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Take out your time machines, ladies and gentlemen, we’re about to go on an adventure. But do we have to? The end-2012- is starting to have an uncanny resemblance to the beginning. The film, music and fashion industries look very similar to the olden days, and though we would like to think we’re in drive maybe we are actually in reverse.

Lights! The set looks the same. Camera! The costume hasn’t changed much either. Action! The movie industry has been entertaining audiences for more than eighty years, but a better part of that time has been spent copying the first few years. A prime example of the lack of change we see in cinema is present in the new French film, “The Artist.” Beautifully executed, acted and shot (it’s unlike anything we’ve seen-recently); everything about it is perfect. Except for the script. Oh, right. That’s because it doesn’t have one. “The Artist” takes us back to the early twentieth century- the era of silent films. Getting rave reviews at Cannes, Sundance and, most recently, the Oscars prove that audiences appreciate the past and don’t necessarily like the recent changes in film. As Maureen Dowd, writer for the New York Times, says, “It was clever to do a silent movie…as an antidote to our modern plague of pointless chatter.” And the “pointless chatter” is one of the many side effects of the worse changes we see in film. The modifications in cinema, although well-received, as box office numbers confirm, often lack the flawlessness and elegance that great films achieve. 3D glasses give the audience a headache, while green screens and live action animation undermine the beauty of film. To capture the flaws and imperfections of life is what makes a film appealing, to show an audience a rosy-cheeked, plastic faced, could’ve-come-out-of-a-box lead character is to underestimate their intelligence. The end result is only appealing to children and bored parents. So, although “The Artist” and “Hugo” earned the same number of Oscars this year, it is clear which film will stand the test of time.

The return to old, however, is not only present in film, but also in music. It doesn’t need to be plastered all over the internet for anyone with ears to know that Lady Gaga is just Madonna reinvented. I mean, have you ever seen them in the same place at the same time? And then there’s pop/soul singer Bruno Mars who, through his singing and performances, echoes Sammy Davis Jr. from the 1960s Rat Pack. Music constantly recycles the old and makes it new again, but every once in a while there’s a snag and a new song turns out the exact same as an old one. See: “Born This Way” by Lady Gaga and “Express Yourself” by Madonna. However, repetition is welcome once you consider how bad the changes in music are. I’m talking about auto-tune, drum machines and synthesisers- none of which sound remotely real or pleasing to hear. If you need to make your voice sound better through the use of a machine then I assure you, singing is not your destined career. Listen closely and you’ll realise that your dad’s playlist sounds a lot like yours- only better.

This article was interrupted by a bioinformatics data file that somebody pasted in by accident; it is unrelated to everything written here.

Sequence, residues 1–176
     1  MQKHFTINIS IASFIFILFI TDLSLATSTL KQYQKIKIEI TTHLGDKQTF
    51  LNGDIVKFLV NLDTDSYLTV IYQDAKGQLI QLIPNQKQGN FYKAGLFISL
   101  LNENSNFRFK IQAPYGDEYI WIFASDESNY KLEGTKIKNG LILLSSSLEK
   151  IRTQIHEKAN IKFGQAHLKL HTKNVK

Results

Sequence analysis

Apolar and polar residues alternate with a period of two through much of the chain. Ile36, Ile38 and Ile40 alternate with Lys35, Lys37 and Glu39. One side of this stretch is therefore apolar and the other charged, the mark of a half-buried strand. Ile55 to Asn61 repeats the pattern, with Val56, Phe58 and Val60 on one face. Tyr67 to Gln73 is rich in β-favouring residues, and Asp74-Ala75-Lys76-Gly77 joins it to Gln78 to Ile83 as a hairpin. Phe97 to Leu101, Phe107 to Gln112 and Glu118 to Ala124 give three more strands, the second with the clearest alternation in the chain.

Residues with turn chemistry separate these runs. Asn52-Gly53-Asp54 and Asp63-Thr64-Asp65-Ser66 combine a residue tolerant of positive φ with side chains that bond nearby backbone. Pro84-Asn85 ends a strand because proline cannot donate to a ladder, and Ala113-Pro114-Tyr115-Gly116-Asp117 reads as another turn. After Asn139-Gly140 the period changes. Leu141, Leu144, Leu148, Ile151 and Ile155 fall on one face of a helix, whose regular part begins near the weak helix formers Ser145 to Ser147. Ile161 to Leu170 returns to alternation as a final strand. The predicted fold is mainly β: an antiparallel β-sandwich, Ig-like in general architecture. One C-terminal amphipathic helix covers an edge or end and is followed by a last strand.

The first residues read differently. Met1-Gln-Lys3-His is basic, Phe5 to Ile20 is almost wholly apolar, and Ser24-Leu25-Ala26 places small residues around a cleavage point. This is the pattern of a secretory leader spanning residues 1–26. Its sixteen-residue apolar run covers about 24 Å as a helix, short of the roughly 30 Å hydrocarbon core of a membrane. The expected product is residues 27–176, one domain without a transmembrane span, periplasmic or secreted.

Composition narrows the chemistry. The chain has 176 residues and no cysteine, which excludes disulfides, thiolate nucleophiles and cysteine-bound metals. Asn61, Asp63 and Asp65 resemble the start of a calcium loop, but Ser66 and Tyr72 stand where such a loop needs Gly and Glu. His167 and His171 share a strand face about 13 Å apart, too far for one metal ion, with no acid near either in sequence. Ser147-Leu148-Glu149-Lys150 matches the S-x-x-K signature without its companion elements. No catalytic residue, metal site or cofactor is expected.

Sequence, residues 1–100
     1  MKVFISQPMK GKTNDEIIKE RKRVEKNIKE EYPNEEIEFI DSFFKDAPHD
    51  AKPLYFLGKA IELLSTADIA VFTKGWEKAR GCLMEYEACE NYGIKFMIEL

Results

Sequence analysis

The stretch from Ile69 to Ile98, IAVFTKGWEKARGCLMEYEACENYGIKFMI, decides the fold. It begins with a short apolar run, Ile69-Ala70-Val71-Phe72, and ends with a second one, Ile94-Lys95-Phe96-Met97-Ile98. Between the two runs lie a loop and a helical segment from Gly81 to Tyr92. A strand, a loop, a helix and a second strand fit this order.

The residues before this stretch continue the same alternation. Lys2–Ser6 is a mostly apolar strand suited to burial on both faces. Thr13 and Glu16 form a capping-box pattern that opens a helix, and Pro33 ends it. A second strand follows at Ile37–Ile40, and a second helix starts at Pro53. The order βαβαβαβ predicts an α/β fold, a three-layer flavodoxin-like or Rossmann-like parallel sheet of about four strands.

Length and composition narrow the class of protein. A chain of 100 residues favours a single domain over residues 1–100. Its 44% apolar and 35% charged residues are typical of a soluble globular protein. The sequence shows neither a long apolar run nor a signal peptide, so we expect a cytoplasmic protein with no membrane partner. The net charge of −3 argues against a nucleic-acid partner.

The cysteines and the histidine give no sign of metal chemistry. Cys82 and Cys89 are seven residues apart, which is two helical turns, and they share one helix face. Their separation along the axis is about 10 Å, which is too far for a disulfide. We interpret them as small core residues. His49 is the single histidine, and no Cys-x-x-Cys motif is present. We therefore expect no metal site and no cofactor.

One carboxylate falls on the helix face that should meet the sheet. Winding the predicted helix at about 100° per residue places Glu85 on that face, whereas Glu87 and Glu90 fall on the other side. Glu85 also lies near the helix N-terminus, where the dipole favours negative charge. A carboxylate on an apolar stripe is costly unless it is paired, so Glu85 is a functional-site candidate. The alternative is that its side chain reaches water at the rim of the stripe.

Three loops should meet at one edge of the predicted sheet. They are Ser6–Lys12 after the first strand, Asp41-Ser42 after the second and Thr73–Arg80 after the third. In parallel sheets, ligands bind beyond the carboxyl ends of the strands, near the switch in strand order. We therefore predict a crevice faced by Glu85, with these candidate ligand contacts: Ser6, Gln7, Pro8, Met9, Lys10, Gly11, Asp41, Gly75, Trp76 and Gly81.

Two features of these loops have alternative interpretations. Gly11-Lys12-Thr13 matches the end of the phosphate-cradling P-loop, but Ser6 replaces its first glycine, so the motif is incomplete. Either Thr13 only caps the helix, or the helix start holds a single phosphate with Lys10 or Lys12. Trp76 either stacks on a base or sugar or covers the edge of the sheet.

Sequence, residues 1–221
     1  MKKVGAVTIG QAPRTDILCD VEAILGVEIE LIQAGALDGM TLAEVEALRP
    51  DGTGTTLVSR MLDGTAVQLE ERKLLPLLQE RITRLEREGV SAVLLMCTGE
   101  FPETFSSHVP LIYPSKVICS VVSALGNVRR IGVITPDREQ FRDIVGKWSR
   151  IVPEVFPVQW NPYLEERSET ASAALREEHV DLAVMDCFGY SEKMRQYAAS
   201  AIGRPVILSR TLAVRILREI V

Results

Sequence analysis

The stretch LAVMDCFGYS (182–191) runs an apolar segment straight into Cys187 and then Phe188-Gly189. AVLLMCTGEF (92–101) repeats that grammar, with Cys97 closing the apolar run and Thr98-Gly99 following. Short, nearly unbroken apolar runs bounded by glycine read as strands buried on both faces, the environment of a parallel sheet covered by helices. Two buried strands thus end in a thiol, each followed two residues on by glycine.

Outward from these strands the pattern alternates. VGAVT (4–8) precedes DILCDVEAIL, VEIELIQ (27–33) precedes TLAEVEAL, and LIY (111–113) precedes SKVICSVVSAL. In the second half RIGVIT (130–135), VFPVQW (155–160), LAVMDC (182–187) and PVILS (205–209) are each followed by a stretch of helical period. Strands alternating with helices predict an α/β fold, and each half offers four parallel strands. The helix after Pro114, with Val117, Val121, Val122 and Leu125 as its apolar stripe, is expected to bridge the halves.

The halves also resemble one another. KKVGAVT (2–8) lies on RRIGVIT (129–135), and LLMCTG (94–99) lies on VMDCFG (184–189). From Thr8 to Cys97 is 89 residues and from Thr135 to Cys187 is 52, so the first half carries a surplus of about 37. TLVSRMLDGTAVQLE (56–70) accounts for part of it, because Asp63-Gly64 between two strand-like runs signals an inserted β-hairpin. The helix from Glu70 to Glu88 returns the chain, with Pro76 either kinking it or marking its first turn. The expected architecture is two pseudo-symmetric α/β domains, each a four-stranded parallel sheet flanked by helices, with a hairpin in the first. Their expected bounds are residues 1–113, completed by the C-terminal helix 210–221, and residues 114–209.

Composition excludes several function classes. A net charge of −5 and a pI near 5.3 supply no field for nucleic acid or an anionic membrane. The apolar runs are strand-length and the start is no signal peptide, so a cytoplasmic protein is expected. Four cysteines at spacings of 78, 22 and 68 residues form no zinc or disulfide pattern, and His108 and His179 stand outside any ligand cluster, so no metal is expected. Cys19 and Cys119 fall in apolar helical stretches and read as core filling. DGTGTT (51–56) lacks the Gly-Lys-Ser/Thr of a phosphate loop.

By far the best example of old trends being revisited exist in fashion. Writer Lynn Phillips said, “[In fashion] they play ironically with some earlier era’s notion of ‘modern.’” In other words, what is old, and was once modern, is continually reworked to become new again. Even the new black was old once. For example, Coco Chanel started the androgynous look in the early 1900s, and now, in 2012 we see this look, in the form of bow ties and tuxedos, on the likes of Mila Kunis, Dianne Kruger and even the Kardashian sisters. Fashion models are also recycled; Miranda Kerr is the new Heidi Klum, never mind the fact that Klum still exists. Even Zoë Kravitz, muse to Alexander Wang, is eerily similar to Karl Lagerfeld’s ex-muse, Blake Lively, and that ‘muse-lationship’ only ended a few months ago. (She’s already on to the next one: Stella McCartney ads are on the way.) Your street style was old once too. Those crop tops and skinny jeans you wear religiously? Hello, 1970s. As television series “Project Runway” so eloquently states, “In fashion, one day you’re in and the next day you’re out.” But don’t worry because the day after that, sure as anything, you’ll be back again.

To say that society is constantly moving isn’t a lie, but to say that we’re moving forward is. Film, music and fashion are in a constant cycle of rewinding and fast forwarding but the picture remains the same. Although we’re making all these changes with technology, maybe some things should remain the same because new doesn’t mean better. So, unbuckle your seatbelts and open the door, because the old is already here. What you see everyday isn’t new, it’s just revisited.



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